Rachel Genn

What You Could Have Won

‘I wrote this book because I didn’t want Amy Winehouse to be dead.’

Fame is the only thing worth having. Love is temporary brain damage. Or so thinks Henry Sinclair, a failing psychiatrist, whose career-breaking discovery has been pinched by a supervisor smelling of nipple grease and hot-dog brine. An emotional miser and manipulator par excellence, desperate for the recognition he’s certain his genius deserves, Henry claws his way into the limelight by transforming his girlfriend—a singer-in-ascendance, beloved for her cathartically raw performances—into a drug experiment. As he systematically works to reinforce feelings of worthlessness while at the same time feeding off Astrid’s fame, and as Astrid collapses deeper into dependence, what emerges is a two-sided toxic relationship: the bullying instincts of a man shrunk by an industry where bullying is currency, and the peculiar strength of a star more comfortable offloading her talent than owning her brilliance.

Pinging between their apartment in New York (where they watch endless episodes of The Sopranos), a nudist campsite in Greece (where the tantalizingly handsome Gigi thwacks octopi into the sand), and a celebrity rehab facility in Paris (founded by the cassock-wearing and sex-scandal plagued ‘artist’ Hypno Ray), What You Could Have Won is a relationship born of regrettable events, and a novel about female resilience in the face of social control.

EBook: £6.99

More Info

If you subscribe to And Other Stories by Monday 4th May 2020, you will receive your copy of What You Could Have Won – in which all subscribers are thanked by name – in August 2020, before its official publication, as well as up to five other specially selected And Other Stories titles per year. Find out about subscribing to upcoming titles here.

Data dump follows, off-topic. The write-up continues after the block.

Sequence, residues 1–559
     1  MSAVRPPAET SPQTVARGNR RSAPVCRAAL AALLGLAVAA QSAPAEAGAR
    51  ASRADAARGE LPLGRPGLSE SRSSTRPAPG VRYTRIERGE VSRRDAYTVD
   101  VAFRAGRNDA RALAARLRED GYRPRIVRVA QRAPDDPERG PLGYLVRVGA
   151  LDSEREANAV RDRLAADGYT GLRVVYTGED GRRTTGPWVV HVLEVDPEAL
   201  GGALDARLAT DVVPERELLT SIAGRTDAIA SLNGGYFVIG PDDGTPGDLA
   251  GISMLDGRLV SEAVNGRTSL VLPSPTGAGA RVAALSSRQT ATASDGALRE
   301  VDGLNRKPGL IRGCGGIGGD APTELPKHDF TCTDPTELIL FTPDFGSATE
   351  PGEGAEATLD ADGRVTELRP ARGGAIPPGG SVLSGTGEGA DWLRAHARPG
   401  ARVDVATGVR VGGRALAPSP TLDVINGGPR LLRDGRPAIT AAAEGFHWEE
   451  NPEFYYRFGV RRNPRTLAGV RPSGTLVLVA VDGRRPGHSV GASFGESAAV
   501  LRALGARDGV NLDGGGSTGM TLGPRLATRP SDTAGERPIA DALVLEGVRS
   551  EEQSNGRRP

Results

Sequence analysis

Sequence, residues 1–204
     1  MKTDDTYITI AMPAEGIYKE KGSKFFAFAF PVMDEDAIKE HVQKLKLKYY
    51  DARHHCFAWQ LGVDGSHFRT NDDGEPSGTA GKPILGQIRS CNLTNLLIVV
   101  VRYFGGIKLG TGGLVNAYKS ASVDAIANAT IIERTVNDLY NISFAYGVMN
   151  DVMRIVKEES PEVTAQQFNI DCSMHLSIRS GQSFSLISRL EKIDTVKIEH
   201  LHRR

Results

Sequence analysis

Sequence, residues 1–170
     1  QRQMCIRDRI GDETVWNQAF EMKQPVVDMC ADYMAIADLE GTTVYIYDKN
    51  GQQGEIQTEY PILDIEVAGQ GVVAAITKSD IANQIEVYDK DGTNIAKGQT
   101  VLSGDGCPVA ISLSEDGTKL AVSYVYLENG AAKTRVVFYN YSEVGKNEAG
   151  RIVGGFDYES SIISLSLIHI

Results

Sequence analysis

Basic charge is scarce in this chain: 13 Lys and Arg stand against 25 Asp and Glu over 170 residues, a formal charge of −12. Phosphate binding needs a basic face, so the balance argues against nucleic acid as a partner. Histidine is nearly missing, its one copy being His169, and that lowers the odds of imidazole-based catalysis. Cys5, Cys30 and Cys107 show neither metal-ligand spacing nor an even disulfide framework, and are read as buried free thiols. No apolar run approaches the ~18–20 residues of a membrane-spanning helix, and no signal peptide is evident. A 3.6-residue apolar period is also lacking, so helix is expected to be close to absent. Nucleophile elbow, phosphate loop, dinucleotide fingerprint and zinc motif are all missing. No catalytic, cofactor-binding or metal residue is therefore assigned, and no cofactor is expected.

Print status: Upcoming
Author: Rachel Genn
Original language: English
Format: B-format paperback
Publication date: 6 October 2020
ISBN: 9781911508861
Ebook ISBN: 9781911508878
Availability: World English
Number of pages: 276

Reviews


Praise for The Cure

‘Startlingly Tender.’ Time Out

‘Genn’s narrative voice proves unusually nimble in its ironic, sympathetic shifts between the players in this compact saga. The Cure yields a surprising tensile strength for such a slim volume.’ Herald Scotland

‘I loved The Cure. Rachel Genn offers a new and convincing take on the experience of the Irish migrant worker, evoking in exhilarating dialogue the multi-ethnic Babel of contemporary London. This is a story of family secrets, fierce male friendships and slow-burning love.’ Joe Treasure

‘The Geiger counter of Rachel Genn’s prose moves over her characters' souls with forensic precision, detecting the minute shifts and vacillations that take place below the level of consciousness - those very things that make us human.’ Kathy Towers, Seamus Heaney Centre prize winning poet